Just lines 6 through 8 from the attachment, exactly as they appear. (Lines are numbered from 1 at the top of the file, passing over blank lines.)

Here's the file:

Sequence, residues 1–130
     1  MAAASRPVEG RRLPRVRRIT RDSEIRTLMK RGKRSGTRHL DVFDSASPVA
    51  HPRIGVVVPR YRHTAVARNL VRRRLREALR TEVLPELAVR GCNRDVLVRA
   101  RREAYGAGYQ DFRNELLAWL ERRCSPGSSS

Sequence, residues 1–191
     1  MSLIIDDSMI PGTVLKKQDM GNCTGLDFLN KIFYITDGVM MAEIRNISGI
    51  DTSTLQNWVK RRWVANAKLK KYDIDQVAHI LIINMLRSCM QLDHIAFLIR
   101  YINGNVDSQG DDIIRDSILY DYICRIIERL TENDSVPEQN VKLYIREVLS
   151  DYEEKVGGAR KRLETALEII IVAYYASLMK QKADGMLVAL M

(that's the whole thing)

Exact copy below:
     1  MSLIIDDSMI PGTVLKKQDM GNCTGLDFLN KIFYITDGVM MAEIRNISGI
    51  DTSTLQNWVK RRWVANAKLK KYDIDQVAHI LIINMLRSCM QLDHIAFLIR
   101  YINGNVDSQG DDIIRDSILY DYICRIIERL TENDSVPEQN VKLYIREVLS